Author(s): Rachel Cusk
When it was first published, Cusk's memoir of new motherhood shocked readers and critics alike- it was called 'as compulsive as a thriller' by the Observer, 'an incitement to riot' by Esther Freud and 'career suicide' by the New York Times. Cusk was accused of self-obsession, of hating her child and of having post-natal depression, just as she was being celebrated by others for having the courage to speak the truth about being a mother. A modern classic and the antithesis of a parenting manual, in A Life's Work Cusk writes with unflinching honesty and wry humour about the sleepless nights, the loneliness, the moments of despair but also of fierce heart-stopping love.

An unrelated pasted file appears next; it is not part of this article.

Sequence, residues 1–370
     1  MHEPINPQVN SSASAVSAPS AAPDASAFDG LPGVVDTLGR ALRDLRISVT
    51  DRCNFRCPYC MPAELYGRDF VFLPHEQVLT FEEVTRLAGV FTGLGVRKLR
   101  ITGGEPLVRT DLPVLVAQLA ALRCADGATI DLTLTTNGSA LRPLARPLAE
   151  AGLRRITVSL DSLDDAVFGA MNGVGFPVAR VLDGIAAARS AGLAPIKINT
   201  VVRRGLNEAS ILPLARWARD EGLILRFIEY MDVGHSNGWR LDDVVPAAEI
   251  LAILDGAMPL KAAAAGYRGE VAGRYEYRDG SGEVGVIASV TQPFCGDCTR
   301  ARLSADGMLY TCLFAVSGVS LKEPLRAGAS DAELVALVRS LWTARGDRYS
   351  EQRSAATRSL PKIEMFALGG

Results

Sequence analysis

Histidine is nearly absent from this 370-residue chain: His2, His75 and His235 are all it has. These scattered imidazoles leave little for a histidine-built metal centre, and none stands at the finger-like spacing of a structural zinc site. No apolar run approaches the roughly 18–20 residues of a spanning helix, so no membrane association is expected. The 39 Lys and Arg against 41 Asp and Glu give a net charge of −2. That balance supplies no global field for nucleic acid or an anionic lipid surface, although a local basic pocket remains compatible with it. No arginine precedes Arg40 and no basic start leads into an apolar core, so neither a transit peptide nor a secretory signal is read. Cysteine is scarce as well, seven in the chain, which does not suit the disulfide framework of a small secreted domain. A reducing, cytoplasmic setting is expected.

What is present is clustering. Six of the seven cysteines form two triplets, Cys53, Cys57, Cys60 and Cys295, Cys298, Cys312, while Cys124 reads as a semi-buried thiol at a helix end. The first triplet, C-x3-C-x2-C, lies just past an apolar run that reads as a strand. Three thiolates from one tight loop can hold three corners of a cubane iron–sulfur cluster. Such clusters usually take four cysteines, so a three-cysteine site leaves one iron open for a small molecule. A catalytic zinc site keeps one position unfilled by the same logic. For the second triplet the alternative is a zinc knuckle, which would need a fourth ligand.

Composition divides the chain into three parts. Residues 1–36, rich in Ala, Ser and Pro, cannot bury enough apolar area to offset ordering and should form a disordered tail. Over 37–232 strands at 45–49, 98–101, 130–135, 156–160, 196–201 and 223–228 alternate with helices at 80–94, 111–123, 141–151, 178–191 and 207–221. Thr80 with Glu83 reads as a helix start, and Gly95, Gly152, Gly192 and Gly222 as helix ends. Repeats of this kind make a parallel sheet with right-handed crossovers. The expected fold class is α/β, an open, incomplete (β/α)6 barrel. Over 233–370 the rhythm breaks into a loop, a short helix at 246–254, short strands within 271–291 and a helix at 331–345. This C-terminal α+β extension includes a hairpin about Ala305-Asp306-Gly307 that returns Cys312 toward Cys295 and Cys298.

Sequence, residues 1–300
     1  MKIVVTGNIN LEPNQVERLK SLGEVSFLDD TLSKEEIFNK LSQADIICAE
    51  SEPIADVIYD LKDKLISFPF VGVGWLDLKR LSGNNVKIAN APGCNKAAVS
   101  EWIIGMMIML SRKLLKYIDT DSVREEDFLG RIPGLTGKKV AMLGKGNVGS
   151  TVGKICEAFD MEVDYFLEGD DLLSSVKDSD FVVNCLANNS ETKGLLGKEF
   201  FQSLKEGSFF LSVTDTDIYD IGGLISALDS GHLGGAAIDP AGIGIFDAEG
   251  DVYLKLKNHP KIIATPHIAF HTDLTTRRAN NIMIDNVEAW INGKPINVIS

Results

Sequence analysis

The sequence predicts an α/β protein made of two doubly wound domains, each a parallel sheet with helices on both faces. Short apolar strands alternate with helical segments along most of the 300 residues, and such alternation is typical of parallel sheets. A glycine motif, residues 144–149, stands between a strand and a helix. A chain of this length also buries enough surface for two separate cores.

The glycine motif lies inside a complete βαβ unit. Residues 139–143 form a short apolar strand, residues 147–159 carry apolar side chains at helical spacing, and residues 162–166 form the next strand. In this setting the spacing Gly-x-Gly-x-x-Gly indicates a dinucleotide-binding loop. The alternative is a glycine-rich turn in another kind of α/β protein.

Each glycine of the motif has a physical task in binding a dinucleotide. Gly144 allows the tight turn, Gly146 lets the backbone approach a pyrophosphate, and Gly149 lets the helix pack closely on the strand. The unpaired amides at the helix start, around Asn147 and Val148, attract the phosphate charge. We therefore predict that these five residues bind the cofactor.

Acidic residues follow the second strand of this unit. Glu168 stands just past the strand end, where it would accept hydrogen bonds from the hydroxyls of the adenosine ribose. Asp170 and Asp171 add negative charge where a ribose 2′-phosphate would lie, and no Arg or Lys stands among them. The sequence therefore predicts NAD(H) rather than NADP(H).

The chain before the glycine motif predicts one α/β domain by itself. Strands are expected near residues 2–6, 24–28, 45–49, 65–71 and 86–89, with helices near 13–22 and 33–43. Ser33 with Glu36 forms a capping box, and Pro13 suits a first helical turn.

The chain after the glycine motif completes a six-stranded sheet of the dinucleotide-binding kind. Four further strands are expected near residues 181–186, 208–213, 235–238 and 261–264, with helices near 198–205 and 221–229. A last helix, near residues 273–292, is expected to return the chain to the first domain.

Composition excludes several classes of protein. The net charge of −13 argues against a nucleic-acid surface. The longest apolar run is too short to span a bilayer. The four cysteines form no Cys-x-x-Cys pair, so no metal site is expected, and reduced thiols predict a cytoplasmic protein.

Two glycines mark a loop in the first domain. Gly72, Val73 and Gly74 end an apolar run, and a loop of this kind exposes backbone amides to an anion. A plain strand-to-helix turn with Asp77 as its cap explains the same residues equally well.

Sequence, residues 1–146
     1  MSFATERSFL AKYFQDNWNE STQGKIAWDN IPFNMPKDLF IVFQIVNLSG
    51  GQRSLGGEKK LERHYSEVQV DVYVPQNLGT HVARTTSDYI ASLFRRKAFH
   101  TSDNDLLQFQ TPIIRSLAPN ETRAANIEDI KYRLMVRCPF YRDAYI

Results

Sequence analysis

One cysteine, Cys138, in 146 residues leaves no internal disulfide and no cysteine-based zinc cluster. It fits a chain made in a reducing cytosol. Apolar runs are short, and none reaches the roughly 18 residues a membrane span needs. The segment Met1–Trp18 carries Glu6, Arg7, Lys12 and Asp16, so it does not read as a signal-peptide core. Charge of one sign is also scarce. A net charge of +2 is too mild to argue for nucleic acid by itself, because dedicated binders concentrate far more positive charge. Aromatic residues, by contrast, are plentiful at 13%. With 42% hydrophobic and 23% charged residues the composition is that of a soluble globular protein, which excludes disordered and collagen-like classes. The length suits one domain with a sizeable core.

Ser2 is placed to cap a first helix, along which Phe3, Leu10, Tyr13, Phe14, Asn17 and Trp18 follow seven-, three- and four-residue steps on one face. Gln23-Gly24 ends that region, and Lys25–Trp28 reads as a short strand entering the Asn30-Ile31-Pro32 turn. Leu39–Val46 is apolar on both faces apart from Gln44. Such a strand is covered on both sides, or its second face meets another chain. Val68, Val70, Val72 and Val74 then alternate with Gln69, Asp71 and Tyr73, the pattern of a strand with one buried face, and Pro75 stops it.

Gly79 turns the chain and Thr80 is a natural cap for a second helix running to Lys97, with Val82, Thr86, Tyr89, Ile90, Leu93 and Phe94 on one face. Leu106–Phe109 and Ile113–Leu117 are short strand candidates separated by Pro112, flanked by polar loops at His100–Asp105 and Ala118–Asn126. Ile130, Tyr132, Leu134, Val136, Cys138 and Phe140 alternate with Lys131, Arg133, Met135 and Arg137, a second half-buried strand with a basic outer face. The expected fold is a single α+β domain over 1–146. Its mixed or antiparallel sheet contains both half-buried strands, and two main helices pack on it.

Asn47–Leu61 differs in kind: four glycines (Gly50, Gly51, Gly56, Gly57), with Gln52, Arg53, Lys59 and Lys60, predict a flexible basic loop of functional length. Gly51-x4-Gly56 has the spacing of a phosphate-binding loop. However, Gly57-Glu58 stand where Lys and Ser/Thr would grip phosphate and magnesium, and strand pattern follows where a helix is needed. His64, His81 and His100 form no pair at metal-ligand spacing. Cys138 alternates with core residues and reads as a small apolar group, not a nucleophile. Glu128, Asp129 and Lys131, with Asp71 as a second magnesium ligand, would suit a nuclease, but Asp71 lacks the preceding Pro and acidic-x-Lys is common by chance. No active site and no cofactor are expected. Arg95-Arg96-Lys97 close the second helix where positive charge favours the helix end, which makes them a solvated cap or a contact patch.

Rachel Cusk was born in Canada in 1967 and moved to the United Kingdom in 1974. She is the author of nine novels and three works of non-fiction. She has won and been shortlisted for numerous prizes- her most recent novel, Outline (2014), was shortlisted for the Folio Prize, the Goldsmiths Prize, the Baileys Prize, the Giller Prize and the Canadian Governor General's Award. It was also picked by the New York Times as one of the top ten books of the year. In 2003, Rachel Cusk was nominated by Granta magazine as one of 20 'Best of Young British Novelists'. In 2015 her version of Euripides' 'Medea' was put on at the Almeida Theatre with Rupert Goold directing and was shortlisted for the Susan Smith Blackburn Prize.